There is more than one major provider in Canada – Bell and Cogeco are other big players that come to mind. But we need more than just a few, so that if a DDOS attack happens, the number of people affected will be limited. Outages such as this can slow down the federal government’s attempt to provide all Canadians with universal high-speed internet by 2030.

With information from The CBC, the Toronto Star, and other websites.

Recreational Math I: Magic Squares: Matters of Primes: Part 7

This article concerns the matter of prime numbers in writing computer programs that generate random magic squares of order n where n is prime. My article, like all the other articles in this series, is aimed at hobbyists.

Suppose you wanted to use the Reichmann (1957) algorithm to generate prime-ordered magic squares of any size n where n ≥ 5. If you asked a user to enter a prime number for the square dimensions, there comes a point where the user won’t exactly know, and shouldn’t be expected to know, if a large number is prime. Could an average person be expected to know, off the top of their head, that 127 is prime, for example? Or what about the number 349,871? Both are prime, but I cheated: I used software. But how does the software do it, since that is what you were trying to write?

We’ll get into the algorithm details in a bit. But the easiest thing to do is to have a detection if a number is not prime. If it isn’t prime, then you can’t use Reichmann’s algorithm, and you then need to ask the user for another (hopefully prime) number that is 5 or more. The user is making at best, quasi-educated guesses. Maybe he knows some powers of 2, and by subtracting 1, he could stumble on a Mersenne prime such as the number 127 mentioned earlier, or 31. Or 7.

Prime numbers are numbers divisible by 1 and itself, and has no other factors. A number like 5 is prime because only 1 and 5 divide it evenly. The same can be said of the number 2, since 1 and 2 are its only factors, making it the only even prime number. Numbers which have more than two factors are called composite numbers. A number like 12 has 1, 2, 3, 4, 6, and 12 as factors, and thus is not prime.

Mersenne primes refer to a special class of primes. They are primes of the general formula 2^p - 1, where the exponent p is also a positive prime number.

A programmer could start with a short list of known primes in an array. Let’s say: 2, 3, 5, 7, 11, 13, 17, 19, 23, 29, 31, 37, 41, 43, 47, 53, 59, 61, 67, 71, 73, 79, 83, 89, 97, or the primes from 0 to 100. By the Fundamental Theorem of Arithmetic, a number n is composite if any prime number p \le \lfloor \sqrt{n}\rfloor divides it. The symbols \lfloor,  \rfloor represent the floor function which takes the square root of n and essentially chops off the decimal, returning only the integer part of the number. The array of known primes is thus good up to 100^2 = 10,000.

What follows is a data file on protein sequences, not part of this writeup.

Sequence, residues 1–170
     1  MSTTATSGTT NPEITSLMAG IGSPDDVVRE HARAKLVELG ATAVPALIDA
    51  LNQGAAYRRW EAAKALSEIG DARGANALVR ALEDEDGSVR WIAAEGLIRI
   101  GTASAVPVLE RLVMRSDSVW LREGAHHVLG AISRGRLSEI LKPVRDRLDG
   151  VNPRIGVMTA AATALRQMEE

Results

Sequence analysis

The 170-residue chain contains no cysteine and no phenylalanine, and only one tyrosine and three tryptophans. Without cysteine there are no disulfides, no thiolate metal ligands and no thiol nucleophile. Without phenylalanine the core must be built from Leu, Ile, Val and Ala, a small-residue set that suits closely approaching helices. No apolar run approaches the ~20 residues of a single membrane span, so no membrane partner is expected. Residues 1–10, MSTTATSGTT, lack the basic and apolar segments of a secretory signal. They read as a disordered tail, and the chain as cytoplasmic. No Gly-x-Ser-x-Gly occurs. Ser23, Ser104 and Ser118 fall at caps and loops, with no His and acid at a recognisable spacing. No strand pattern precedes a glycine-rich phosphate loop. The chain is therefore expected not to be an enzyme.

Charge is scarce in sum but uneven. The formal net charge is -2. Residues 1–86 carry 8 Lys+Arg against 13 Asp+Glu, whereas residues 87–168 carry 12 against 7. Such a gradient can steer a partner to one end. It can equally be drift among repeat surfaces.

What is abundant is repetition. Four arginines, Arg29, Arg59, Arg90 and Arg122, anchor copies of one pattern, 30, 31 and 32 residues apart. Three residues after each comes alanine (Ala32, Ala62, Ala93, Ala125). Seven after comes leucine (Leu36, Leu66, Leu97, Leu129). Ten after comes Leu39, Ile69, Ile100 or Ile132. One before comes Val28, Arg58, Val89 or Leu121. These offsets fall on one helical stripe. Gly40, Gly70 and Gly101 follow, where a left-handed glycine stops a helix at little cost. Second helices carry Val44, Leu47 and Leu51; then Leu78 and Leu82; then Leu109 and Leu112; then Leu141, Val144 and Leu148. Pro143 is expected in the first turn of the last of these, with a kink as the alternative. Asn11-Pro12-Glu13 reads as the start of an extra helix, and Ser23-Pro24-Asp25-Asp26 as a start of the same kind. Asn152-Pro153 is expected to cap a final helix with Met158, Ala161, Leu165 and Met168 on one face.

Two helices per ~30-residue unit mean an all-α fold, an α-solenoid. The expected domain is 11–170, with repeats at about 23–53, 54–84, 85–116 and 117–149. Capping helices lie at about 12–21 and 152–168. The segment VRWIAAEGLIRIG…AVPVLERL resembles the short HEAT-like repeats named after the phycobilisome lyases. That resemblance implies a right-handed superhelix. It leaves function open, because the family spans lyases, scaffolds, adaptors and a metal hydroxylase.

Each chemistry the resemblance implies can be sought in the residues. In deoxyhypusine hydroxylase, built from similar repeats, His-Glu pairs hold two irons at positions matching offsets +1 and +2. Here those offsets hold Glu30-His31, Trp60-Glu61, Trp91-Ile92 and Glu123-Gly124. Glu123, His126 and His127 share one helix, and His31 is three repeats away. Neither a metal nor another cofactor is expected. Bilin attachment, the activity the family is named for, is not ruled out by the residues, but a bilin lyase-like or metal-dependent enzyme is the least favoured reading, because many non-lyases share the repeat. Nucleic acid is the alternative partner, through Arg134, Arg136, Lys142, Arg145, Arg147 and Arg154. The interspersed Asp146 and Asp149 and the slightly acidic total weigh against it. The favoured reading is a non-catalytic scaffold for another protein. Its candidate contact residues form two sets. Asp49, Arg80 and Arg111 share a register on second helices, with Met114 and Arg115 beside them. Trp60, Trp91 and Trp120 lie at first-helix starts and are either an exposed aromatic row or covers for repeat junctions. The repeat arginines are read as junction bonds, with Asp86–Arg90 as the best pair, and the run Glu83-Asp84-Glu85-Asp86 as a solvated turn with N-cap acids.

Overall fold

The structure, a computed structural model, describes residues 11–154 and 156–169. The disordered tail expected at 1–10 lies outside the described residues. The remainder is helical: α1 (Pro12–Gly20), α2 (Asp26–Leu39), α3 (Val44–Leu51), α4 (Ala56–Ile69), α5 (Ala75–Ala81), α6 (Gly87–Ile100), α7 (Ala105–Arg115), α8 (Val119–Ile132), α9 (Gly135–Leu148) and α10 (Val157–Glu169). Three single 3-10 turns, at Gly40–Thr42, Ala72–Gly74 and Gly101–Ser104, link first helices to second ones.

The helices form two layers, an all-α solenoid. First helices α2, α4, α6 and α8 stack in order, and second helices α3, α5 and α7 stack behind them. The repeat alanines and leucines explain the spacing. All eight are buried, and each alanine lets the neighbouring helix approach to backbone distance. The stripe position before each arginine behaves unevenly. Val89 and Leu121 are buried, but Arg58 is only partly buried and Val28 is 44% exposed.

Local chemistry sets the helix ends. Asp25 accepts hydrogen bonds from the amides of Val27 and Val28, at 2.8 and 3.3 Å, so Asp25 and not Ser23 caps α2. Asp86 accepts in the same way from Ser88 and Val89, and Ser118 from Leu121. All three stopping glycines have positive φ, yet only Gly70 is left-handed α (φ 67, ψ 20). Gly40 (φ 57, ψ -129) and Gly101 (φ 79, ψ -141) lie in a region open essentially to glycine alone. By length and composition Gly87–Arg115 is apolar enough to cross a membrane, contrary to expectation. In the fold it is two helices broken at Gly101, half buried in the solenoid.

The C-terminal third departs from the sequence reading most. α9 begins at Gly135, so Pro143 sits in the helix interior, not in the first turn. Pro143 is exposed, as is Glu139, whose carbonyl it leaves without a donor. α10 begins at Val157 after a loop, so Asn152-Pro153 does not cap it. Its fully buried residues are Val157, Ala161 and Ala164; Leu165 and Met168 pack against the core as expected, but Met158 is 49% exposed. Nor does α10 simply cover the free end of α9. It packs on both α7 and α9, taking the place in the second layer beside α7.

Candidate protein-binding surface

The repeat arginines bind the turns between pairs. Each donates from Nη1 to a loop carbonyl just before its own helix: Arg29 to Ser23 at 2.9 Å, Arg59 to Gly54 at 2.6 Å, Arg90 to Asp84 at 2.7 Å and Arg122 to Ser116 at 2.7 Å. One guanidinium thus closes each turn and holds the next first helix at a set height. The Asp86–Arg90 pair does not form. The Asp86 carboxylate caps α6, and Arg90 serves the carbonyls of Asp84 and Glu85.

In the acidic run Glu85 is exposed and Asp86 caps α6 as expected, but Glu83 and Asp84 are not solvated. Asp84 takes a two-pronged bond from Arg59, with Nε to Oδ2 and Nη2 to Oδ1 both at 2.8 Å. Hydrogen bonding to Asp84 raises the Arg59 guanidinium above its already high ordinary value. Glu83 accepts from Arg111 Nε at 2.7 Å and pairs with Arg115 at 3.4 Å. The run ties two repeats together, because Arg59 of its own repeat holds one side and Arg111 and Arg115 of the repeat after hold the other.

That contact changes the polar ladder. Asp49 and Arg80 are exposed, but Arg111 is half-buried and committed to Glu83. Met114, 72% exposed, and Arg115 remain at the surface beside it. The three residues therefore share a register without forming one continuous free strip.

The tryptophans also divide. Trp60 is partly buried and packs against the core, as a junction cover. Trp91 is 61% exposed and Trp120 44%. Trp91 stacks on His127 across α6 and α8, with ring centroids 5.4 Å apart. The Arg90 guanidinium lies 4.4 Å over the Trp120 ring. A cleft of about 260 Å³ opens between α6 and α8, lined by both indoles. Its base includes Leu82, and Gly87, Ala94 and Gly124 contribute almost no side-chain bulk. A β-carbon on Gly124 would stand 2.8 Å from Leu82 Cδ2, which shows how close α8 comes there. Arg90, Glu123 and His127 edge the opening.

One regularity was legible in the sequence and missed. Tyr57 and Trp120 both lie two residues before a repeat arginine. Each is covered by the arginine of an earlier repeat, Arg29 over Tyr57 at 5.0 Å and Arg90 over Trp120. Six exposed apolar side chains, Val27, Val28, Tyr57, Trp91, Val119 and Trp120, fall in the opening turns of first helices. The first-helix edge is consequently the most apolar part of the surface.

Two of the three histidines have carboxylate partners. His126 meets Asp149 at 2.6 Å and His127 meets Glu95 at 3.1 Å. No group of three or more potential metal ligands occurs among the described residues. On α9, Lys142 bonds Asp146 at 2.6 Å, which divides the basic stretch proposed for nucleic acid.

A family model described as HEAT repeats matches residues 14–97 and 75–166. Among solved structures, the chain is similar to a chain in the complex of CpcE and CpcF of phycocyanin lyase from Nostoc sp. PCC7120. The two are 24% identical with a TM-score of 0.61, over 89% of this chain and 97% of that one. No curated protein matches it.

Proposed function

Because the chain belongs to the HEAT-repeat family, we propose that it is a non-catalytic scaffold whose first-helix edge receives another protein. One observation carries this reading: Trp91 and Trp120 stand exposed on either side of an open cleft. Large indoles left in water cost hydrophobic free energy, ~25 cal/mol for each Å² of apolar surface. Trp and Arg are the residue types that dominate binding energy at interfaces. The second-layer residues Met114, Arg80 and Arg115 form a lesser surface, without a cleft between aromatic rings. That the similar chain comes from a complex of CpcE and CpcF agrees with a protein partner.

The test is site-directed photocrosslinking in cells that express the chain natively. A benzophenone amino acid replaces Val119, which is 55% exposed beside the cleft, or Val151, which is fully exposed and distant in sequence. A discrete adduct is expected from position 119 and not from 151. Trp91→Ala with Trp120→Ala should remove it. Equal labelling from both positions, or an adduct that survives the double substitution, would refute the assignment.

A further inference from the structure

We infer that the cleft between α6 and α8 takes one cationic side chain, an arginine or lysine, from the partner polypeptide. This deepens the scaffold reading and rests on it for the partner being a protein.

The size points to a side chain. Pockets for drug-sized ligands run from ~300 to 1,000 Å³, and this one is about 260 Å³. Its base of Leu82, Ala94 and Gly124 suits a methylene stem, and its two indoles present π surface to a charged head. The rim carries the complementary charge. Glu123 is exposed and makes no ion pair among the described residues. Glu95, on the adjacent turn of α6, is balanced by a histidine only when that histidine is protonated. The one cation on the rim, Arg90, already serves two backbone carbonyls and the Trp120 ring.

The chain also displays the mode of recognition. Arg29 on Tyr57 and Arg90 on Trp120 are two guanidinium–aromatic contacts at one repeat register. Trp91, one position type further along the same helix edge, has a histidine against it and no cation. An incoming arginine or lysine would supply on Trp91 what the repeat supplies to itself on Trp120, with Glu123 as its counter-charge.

This is a shortcut, but if the user enters larger numbers than 10,000, you can try numbers beyond the scope of your array. But since the computer program doesn’t know any primes offhand beyond 97, the program could then attempt to check each whole number after 97, sqeuentially up to \lfloor \sqrt{n}\rfloor to see if anything divides n evenly. If none are found, then n is prime.

That’s a whole lot more efficient than checking each integer one by one up to n (or even \lfloor n/2 \rfloor, or half of n with the decimal chopped off) to see what divides n, if anything.

If no upper limit of n is specified to the user, even your more efficient \lfloor \sqrt{n}\rfloor could take hours or days to determine if n is prime, even on a computer considered to be fast. Also, for an n \times n magic square, it would be nice if there were only enough rows and columns to be reasonably displayed on a spreadsheet or console screen. On a spreadsheet, there is always the scrollbar to help you see the numbers that ran off the display. A 101 \times 101 magic square is possible for example, but requires a lot of scrolling to see the 10,201 cells containing the numbers. Today’s computers have lots of memory, so while it is possible to go far beyond even that, there is a matter of practicality. While it might be possible to check the correctness of a 324,773 \times 324,773 magic square programmatically, the 105.5 billion numbers it contains preclude the idea that it can be done on a normal household desktop computer running with 8 gigs of RAM.